While this is and has always been a food first blog, this is not the first time I have written about a theater, nor the second nor the third. I have written about Studio 35 before, While not a food purveyor in any sense it has a long history as a local craft beer supporter and destination. So let’s do a recap on Studio 35 because it is the key to what makes the Grandview Theater tick.
In the world of megaplex movie theaters with multiple screens, extensive concessions, IMAX, 3D and other options it is hard for a neighborhood single screen theater with mo on site parking to survive. In fact most have not (nor have many drive in’s sustained either). The plucky Studio 35 continued on through the 80’s, 90’s and now in the 21st century looking for ideas to make the business responsive to the needs of the community. Owner Eric Brembeck took over the reigns after years of stewardship of Frank Marzetti and then John Conti. (Some historical notes: originally called the Indianola Theater when in opened in 1938, the name changed to Marzetti and then John Conti renamed it Studio 35 (because they showed 35mm films). Also of note, Studio 35 was the first movie theater in the nation to get a liquor license (in 1972).
Now that we have been through the wayback machine when Eric Brembeck took over the theater was still limping along so he and his team started to focus on what customers connected with – mainly craft beer and special events. The bar developed a reputation for a finely curated craft beer selection. In addition to movies paired with special beer tastings, Studio 35 started to develop other special events most notably the Dudeathon (a tribute to the film The Big Lebowski). And file under if you can’t beat them, join them, the theater invites the public to come watch OSU games for free.
The theater was renovated a few years ago to make the bar much bigger with more seating and tabs and to make everything much more comfortable.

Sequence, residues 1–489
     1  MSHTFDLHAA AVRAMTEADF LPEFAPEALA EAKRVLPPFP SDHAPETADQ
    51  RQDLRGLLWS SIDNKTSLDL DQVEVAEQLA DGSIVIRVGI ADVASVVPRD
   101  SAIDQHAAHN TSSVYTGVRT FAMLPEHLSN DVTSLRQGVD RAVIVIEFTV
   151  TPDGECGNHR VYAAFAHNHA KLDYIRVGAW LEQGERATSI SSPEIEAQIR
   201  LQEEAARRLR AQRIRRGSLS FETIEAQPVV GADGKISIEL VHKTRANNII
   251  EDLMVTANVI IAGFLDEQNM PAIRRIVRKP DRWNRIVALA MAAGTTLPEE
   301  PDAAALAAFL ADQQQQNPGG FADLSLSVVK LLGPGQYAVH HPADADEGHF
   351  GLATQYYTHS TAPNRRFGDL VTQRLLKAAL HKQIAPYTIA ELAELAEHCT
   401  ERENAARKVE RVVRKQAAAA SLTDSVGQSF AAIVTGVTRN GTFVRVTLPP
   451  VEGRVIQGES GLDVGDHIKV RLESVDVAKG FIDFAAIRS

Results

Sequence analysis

Now that the back backstory is completed let’s finally talk about The Grandview Theater. I have a long relationship with this spot as well. It was favorite destination for me when it was a Drexel Theater. When the previous owners took over in 2012 (?) I met them while I was at ECDI and tried to brainstorm ideas to help them keep the theater afloat. Both owners worked all day and ran the theater all night but their passion for the art of movies did not balance out the demands of keeping their business sustainable while burning both ends of the candle. Enter new owner Eric Brembeck who thought he could take the Studio 35 model and adapt it to Grandview. His first step was to acquire something the theater lacked – a liquor permit. After he obtained that, a lot of demolition and construction later we have the new Grandview Theater.
There is a lot to like. The layout of the space is fun and functional with plenty of movie posters and such to decorate the space. The bar is deep in seating and beer selection. While popcorn is the main attraction for on site food there is an array of different seasonings to sprinkle or smother on as you see fit. Pizza can be ordered in for delivery just like at Studio 35.
Moving into the theater itself, the seats are wide, deep and comfortable with wide aisles between seats. There are tables at the top of the seating area so you can dine while enjoying the cinema. All in all everything works well and recreates the magic of Studio 35 using the same focus on connecting with the community and being a neighborhood hangout that just happens to have movies too. Here is where civic duty comes in. Independent businesses like this contribute to the character of our neighborhoods as well as our sense of community. If you want places like this to continue they have to survive and thrive so that they are not constantly trying to rub two pennies together to keep the marquee lit. All you need to do is drop in for a beer and/or a movie once in a while. The Grandview Theater has made this an inviting place do so. So, just do it.